According to data from the federal agency, more than 3 million Americans filed for unemployment last week.
According to a March 26 news release from the U.S. Department of Labor, more than 3 million Americans filed for unemployment between March 15 and 21.
“During the week ending March 21, the increase in initial claims are due to the impacts of the COVID-19 virus,” the release reads. “Nearly every state providing comments cited the COVID-19 virus impacts. States continued to cite services industries broadly, particularly accommodation and food services. Additional industries heavily cited for the increases included the health care and social assistance, arts, entertainment and recreation, transportation and warehousing, and manufacturing industries.
“In the week ending March 21, the advance figure for seasonally adjusted initial claims was 3,283,000, an increase of 3,001,000 from the previous week's revised level. This marks the highest level of seasonally adjusted initial claims in the history of the seasonally adjusted series. The previous high was 695,000 in October of 1982. The previous week's level was revised up by 1,000 from 281,000 to 282,000. The 4-week moving average was 998,250, an increase of 765,750 from the previous week's revised average. The previous week's average was revised up by 250 from 232,250 to 232,500.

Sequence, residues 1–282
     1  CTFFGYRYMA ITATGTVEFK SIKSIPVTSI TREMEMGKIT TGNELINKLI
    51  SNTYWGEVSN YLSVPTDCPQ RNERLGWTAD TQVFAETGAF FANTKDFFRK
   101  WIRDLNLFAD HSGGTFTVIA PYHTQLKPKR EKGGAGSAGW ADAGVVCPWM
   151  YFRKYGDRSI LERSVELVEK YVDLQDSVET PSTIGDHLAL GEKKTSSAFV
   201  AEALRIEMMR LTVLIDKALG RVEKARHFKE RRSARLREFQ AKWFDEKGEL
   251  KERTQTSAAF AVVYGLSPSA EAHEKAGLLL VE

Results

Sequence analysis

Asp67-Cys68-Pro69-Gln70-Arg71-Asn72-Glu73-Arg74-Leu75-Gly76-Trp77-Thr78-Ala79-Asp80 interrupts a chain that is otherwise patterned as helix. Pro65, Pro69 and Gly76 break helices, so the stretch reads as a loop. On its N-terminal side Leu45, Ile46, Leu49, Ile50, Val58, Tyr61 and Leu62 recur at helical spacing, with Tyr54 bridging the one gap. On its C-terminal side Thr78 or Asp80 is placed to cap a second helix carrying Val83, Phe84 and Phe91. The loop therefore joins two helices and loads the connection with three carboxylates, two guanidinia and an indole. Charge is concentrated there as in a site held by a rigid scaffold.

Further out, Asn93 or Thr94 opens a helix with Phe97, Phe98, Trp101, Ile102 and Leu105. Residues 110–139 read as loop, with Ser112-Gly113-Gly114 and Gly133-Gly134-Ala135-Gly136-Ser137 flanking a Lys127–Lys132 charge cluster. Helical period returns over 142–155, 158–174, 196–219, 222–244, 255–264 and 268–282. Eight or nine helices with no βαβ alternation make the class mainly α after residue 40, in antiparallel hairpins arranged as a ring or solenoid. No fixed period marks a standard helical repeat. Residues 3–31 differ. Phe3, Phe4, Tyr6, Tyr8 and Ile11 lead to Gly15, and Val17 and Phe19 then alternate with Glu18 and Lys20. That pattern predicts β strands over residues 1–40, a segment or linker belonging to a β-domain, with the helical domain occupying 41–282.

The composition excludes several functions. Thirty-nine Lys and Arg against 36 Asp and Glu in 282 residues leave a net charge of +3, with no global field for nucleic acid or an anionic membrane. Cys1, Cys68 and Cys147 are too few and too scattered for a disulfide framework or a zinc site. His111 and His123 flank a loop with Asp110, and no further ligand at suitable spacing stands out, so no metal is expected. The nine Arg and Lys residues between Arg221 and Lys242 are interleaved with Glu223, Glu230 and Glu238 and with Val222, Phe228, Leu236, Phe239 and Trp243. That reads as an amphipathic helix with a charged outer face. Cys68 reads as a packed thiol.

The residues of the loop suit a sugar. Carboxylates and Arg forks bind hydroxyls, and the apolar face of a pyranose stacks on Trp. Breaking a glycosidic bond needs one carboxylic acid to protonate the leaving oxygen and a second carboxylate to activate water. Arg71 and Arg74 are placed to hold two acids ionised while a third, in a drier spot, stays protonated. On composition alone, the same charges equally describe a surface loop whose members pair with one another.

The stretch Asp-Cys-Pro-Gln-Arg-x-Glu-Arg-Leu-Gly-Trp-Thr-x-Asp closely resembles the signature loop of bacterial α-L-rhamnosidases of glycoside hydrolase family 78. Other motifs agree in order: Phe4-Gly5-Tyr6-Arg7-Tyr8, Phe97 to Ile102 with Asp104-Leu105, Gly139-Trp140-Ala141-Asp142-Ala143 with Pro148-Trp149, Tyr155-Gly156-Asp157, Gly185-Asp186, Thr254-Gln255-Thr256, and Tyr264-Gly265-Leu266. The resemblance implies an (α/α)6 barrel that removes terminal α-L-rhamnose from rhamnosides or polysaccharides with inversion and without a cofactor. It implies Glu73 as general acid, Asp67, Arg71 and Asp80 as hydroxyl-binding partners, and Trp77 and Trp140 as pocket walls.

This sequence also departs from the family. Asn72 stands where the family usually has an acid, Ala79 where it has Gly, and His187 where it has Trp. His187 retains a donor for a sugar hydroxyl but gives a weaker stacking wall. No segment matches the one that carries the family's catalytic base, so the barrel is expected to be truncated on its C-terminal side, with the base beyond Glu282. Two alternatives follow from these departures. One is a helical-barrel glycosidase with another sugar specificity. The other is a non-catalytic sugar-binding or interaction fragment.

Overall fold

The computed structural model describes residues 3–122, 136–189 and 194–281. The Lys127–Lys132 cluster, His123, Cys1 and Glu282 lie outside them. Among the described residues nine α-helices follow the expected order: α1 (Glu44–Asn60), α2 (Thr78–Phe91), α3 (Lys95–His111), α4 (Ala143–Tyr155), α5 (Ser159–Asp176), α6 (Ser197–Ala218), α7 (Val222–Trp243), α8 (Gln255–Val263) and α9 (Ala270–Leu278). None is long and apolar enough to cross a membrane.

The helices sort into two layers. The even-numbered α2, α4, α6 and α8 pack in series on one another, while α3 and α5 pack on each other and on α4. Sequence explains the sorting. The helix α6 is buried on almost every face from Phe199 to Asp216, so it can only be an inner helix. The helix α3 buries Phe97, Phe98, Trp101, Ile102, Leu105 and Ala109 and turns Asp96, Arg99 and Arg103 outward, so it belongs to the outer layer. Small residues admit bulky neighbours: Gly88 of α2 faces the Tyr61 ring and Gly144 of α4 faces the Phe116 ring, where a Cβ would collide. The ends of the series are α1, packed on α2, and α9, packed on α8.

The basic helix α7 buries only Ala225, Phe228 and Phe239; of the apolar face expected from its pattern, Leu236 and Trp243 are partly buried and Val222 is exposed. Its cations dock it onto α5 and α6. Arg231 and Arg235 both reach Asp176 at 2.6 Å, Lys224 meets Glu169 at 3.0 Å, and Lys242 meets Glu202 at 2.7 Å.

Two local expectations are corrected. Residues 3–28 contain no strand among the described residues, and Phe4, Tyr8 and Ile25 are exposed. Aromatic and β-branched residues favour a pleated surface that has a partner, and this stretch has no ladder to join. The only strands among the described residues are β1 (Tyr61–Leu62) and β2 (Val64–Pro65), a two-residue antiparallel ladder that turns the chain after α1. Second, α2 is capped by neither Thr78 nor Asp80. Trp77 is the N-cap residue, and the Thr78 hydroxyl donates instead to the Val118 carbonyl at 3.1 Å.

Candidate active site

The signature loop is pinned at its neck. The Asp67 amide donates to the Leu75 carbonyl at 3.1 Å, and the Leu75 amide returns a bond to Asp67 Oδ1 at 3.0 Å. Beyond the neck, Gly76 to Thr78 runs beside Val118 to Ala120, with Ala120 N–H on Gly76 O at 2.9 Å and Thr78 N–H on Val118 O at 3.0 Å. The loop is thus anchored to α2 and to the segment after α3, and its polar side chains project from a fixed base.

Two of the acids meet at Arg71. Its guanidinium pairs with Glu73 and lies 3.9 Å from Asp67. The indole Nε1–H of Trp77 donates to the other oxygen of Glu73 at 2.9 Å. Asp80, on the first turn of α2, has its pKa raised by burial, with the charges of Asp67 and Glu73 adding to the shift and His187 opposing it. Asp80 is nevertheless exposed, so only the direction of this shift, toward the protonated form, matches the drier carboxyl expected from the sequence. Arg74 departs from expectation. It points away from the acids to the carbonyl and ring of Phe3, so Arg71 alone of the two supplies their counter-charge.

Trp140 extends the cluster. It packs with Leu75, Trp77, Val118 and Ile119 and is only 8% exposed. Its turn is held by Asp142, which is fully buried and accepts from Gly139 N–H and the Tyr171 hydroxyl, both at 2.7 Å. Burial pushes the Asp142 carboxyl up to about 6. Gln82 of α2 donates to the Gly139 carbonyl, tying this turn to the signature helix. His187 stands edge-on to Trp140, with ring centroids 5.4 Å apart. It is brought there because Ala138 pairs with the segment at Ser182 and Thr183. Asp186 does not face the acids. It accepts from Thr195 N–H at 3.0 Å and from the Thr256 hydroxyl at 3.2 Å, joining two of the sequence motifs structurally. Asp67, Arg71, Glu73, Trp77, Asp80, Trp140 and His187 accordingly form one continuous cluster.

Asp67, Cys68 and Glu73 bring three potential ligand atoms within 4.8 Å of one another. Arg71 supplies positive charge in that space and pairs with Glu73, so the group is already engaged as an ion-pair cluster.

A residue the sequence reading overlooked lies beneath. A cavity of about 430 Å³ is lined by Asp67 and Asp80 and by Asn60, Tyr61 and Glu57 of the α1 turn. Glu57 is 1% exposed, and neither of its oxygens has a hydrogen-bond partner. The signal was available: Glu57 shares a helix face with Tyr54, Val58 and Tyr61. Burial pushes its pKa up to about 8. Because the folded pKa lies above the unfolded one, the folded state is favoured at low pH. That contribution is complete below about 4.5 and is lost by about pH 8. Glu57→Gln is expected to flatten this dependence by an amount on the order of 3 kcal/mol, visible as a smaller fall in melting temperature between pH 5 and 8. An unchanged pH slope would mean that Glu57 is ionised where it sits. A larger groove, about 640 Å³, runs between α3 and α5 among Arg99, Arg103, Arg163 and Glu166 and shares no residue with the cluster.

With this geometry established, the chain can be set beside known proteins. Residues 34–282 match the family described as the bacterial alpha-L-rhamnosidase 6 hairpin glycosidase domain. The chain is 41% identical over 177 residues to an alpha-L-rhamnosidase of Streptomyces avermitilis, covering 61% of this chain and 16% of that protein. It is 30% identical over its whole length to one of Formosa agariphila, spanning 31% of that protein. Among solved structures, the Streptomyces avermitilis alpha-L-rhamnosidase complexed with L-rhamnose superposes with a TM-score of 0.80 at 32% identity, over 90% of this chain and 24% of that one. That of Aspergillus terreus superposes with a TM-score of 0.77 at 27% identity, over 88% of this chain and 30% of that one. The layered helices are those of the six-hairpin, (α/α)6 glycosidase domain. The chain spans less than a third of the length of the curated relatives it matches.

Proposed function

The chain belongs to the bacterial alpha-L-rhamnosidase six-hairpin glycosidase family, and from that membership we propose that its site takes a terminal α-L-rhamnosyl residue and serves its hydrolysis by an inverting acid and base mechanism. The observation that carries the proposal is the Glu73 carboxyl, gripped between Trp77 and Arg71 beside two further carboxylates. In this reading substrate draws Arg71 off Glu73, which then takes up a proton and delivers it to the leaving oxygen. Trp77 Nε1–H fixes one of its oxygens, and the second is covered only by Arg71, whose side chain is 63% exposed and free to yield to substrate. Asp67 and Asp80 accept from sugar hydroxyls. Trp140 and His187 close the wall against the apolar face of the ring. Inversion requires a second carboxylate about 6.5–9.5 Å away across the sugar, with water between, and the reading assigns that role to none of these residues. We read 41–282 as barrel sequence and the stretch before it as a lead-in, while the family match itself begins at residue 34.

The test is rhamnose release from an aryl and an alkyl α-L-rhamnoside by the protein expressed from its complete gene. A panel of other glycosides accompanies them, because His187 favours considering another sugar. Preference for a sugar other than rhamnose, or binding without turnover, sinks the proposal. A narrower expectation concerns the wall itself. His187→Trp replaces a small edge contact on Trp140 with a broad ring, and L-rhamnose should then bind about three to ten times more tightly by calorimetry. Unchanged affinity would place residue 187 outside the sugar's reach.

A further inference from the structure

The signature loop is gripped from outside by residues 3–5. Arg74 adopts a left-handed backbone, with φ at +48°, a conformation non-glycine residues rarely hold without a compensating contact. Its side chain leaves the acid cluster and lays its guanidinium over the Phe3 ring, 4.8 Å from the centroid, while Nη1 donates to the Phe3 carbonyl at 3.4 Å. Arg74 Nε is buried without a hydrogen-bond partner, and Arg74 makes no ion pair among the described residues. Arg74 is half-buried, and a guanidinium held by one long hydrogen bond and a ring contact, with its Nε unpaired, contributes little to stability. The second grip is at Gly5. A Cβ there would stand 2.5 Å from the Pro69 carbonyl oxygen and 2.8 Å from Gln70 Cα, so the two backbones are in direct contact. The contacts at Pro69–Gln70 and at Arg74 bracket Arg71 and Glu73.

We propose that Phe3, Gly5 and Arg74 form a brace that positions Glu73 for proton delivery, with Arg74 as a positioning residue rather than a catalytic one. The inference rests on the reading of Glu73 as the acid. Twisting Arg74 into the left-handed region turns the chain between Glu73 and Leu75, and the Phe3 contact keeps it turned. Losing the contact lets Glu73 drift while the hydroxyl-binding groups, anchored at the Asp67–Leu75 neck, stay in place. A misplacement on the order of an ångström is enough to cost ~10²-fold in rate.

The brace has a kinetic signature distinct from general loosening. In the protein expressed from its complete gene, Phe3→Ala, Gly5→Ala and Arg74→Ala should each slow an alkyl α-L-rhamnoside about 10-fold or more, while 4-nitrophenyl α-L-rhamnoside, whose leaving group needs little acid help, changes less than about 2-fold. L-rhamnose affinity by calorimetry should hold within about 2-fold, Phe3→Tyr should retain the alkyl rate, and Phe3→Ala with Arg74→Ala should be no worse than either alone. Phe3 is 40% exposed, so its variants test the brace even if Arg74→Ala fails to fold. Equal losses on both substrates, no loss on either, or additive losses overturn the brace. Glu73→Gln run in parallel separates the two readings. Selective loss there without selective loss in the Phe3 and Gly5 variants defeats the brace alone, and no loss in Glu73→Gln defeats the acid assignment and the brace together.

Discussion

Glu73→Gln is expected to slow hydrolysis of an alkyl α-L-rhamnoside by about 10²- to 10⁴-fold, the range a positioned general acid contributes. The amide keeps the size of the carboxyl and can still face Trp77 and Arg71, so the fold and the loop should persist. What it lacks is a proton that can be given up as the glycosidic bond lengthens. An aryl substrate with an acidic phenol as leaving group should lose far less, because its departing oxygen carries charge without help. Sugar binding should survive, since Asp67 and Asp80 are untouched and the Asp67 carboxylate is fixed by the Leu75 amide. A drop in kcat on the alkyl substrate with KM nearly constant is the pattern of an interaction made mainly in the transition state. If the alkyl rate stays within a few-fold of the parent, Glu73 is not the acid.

“The advance seasonally adjusted insured unemployment rate was 1.2 percent for the week ending March 14, unchanged from the previous week's unrevised rate. The advance number for seasonally adjusted insured unemployment during the week ending March 14 was 1,803,000, an increase of 101,000 from the previous week's revised level. This is the highest level for insured unemployment since April 14, 2018 when it was 1,824,000. The previous week's level was revised up 1,000 from 1,701,000 to 1,702,000. The 4-week moving average was 1,731,000, an increase of 27,500 from the previous week's revised average. The previous week's average was revised up by 250 from 1,703,250 to 1,703,500.”